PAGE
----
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Police Productivity: A State of Mind, An Approach to the Job

Have you ever admitted to yourself you are ‘bored?’ Hasn’t everyone? Here are some tried-and-true suggestions for making good use of down time.

January 01, 2000  |  by Officer Michael P. Bauman, Evans (Colo.) PD

 How many times in your career have you uttered the words, "It's dead out," or "There's nothin' goin' on," or any of a million similar phrases that basically say, "I'm bored?"

There are very few, if any, police officers who can honestly say these words have never passed their lips.

In fact, the vast majority of us can readily identify with the old law enforcement cliché that police work is 99 percent sheer boredom and one percent sheer terror.

The simple truth is there are very few departments where officers do not often spend large percentages of their on-duty time engaged in non-committed patrols.

The unfortunate thing is that while most of us are bored a great deal of our shifts, we're apparently not having that great an effect on crime.  In many areas people don't feel safe walking the streets.  Violent crime, while statistically on the decline, is still very feared and prevalent in many areas.  Street gangs effectively run entire neighborhoods, keeping honest citizens in a state of constant fear.

For these reasons, the question must be asked, "How can we have a greater effect on crime and criminals in our jurisdiction?"  Perhaps part of the answer lies in how we utilize our non-committed patrol time.  The following are some ideas on how to better utilize down time:

1. Concentrate on Problem Areas

Most of us have areas in jurisdiction that are easily identified as having more calls for service than other, similar areas.  Often, a little focused attention on these problem areas is all that is needed to decrease calls for service and increase the quality of life for law-abiding residents.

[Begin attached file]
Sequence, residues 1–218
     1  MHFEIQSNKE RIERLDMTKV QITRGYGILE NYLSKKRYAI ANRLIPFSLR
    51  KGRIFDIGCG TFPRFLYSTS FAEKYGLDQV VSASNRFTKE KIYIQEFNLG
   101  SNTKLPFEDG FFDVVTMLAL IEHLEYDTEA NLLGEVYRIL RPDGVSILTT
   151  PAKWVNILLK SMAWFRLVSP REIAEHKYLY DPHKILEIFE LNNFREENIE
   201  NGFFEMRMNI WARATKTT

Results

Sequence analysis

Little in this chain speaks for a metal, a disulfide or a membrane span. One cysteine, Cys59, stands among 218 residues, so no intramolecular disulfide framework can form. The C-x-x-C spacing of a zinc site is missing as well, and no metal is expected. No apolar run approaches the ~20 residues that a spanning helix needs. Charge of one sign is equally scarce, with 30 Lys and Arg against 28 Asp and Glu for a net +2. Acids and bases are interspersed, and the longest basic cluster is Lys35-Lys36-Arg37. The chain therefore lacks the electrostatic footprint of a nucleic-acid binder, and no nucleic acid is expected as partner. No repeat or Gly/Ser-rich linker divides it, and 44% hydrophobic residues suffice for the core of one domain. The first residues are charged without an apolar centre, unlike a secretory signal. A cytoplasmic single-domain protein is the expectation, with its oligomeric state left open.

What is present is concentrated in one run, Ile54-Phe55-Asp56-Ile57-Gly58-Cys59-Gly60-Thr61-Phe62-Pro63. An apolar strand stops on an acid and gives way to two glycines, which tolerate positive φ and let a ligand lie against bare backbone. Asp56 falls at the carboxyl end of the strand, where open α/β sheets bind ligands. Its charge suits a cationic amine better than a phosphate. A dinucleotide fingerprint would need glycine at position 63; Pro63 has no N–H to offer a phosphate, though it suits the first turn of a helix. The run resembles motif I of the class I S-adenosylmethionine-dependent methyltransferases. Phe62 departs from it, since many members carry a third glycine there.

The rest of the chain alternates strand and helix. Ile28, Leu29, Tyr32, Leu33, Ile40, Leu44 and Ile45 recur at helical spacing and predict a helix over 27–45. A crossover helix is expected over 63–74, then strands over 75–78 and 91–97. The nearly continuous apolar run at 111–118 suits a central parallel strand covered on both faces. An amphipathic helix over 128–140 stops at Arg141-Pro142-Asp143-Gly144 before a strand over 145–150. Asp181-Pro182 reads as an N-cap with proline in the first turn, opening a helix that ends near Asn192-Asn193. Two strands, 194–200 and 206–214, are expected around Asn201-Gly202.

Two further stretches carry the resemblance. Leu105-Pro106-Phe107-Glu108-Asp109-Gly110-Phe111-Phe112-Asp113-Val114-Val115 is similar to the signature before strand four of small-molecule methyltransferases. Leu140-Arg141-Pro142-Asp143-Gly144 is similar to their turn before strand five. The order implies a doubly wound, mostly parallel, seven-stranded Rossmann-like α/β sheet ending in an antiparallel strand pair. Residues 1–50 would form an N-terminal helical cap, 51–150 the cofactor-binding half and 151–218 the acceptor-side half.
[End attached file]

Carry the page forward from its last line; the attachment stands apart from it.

Talk to the neighbors.  Glean information on the possible causes for the problems in the area, then try to develop strategies for dealing with those problems.  Sometimes a more strict police presence is all that is needed.

A few well-placed summonses can do wonders, but don't get tunnel vision; sometimes other entities are better suited for resolving localized issues.  Use the fire department, social services, and other agencies to find ways to fix what ails the neighborhood.

Be creative and persistent.  One problem solved today might prevent ten calls for service in the next month.

2. Consider "Knock and Talks:"

This is an essential tool for dealing with problems.  Many times, for example, officers receive information from concerned citizens about possible drug houses in their areas.  The typical reply from officers is a courteous expression of appreciation, a promise to "keep an eye" on the problem and, a few days later, file 13.

Ultimately this leaves the officers feeling ineffective, the citizens feeling like the officers don't care, and the problem still chugging along smoothly.

However, if these officers would simply exercise a little initiative by knocking on a door, engaging occupants of the problem location in conversation while looking around for any plain-view evidence, and then possible asking for consent to search, great things might happen.

The officers would feel empowered to deal with these types of problems.  The citizens would feel the officers responded to their cries for help, and the problem would either be solved by a trip to the fray bar hotel or, at least, offenders would know the suspicious activity is recognized as a problem and feel some pressure.  Either way, all the good guys win.